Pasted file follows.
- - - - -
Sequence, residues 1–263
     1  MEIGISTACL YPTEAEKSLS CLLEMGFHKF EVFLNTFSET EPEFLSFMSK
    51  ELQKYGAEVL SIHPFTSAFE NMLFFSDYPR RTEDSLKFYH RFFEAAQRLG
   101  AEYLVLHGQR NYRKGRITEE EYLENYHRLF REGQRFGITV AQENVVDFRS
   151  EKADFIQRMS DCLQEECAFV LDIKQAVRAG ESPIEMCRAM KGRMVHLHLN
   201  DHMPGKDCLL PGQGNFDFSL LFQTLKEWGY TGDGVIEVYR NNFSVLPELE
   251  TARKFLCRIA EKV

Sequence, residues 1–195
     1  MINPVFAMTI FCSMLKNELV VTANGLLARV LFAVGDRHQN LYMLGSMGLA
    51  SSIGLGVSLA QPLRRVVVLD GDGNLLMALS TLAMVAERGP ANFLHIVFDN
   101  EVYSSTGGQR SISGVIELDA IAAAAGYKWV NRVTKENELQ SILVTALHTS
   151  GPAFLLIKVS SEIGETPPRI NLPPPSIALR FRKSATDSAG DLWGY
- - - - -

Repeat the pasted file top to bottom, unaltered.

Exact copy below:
Sequence, residues 1–263
     1  MEIGISTACL YPTEAEKSLS CLLEMGFHKF EVFLNTFSET EPEFLSFMSK
    51  ELQKYGAEVL SIHPFTSAFE NMLFFSDYPR RTEDSLKFYH RFFEAAQRLG
   101  AEYLVLHGQR NYRKGRITEE EYLENYHRLF REGQRFGITV AQENVVDFRS
   151  EKADFIQRMS DCLQEECAFV LDIKQAVRAG ESPIEMCRAM KGRMVHLHLN
   201  DHMPGKDCLL PGQGNFDFSL LFQTLKEWGY TGDGVIEVYR NNFSVLPELE
   251  TARKFLCRIA EKV

Sequence, residues 1–195
     1  MINPVFAMTI FCSMLKNELV VTANGLLARV LFAVGDRHQN LYMLGSMGLA
    51  SSIGLGVSLA QPLRRVVVLD GDGNLLMALS TLAMVAERGP ANFLHIVFDN
   101  EVYSSTGGQR SISGVIELDA IAAAAGYKWV NRVTKENELQ SILVTALHTS
   151  GPAFLLIKVS SEIGETPPRI NLPPPSIALR FRKSATDSAG DLWGY